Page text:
Why is astronomy considered the oldest science
Ancient people initially looked at the night sky curiously. When they began to use stars as tools to better understand their movements, they unknowingly made astronomy one of the first sciences, if not the oldest science.
The oldest known astronomical site on Earth
The first attempt of human beings to create a serious connection with the heavens happened to a group of nomads 7,000 years ago, in Nabta Playa, in the African savannah, 1100 km south of the Great Pyramid of Giza in Egypt.
The cult of cattle fans built a stone circle with which they recorded the movement of the stars in order to follow the arrival of the summer solstice and the seasonal monsoons on which they depended for water and food. It is the oldest known astronomical site on Earth.
Similar things were later discovered around the world. Developing knowledge about the stars has proven to be crucial for our agricultural society. As time went on, civilizations around the world increasingly relied on interpreting the movements in the night sky.
The world truly needed astronomers
Ancient people managed to record observations and changes in the sky. They found ways to connect this information with the behavior of the natural world. This allowed them to predict important events in the future when it will rain or when it is time to sow.
Many ancient societies determined the position of the Sun in the sky during the summer and winter solstices, the longest and shortest days of the year, or the spring and autumn equinoxes. By reading from the giant celestial clock, they determined the time.
In Europe alone, there are about 35,000 megaliths built 6,500 and 4,500 years ago, mostly along the Atlantic and Mediterranean coasts.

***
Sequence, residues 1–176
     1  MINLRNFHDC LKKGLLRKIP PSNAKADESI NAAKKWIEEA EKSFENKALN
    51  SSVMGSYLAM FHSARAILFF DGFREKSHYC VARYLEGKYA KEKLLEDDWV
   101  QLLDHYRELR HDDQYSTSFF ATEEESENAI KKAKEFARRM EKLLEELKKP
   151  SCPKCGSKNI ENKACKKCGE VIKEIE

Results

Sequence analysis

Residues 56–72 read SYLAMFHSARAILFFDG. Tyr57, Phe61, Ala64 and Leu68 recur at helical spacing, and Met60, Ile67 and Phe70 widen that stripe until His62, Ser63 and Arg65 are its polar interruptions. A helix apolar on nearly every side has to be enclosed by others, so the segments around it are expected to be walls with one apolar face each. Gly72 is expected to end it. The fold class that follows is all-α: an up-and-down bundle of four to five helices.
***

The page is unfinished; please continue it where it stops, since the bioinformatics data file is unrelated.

Mesopotamia, China, and Greece
In Mesopotamia and China, astronomy appeared around 5000 years ago. The Chinese were able to predict solar and lunar eclipses, and they measured time with sundials. The division of the year into 12 months originates from the inhabitants of Mesopotamia.
The Egyptians paid great attention to determining the length of the year. The civilizations of pre-Columbian America also had very precise data on the movements of celestial bodies and the length of the year.
In relation to other civilizations of the ancient world, the Greeks brought a turn in astronomy by introducing theory, logical procedures and thought experiments, as integral parts of the research of the essence of the observed phenomena.
Thus, as early as the 3rd century BC, Aristrachus explained other celestial bodies. The greatest Greek astronomer Hipparchus, after a systematic observation of celestial bodies and a comprehensive mathematical analysis, made the first catalog of stars, which he classified into six groups based on their brightness.
He discovered precession, the slow conical motion of the Earth’s axis. Claudius Ptolemy publishes the famous Almagest (Great Collection or Great Synthesis), in which he mathematically exposes the geocentric system of the world and gives a synthesis of Greek astronomy.
The center of astronomy then moved to the Arab world, which preserved the heritage of antiquity by translating the works of Greek scientists. In the 12th and 13th centuries, Europeans translated the works of Greek scholars from Arabic into Latin.
“Astronomy is not the apex of science or of invention. But it is a test of the cast of temperament and mind that underlies a culture.” – Jacob Bronowski
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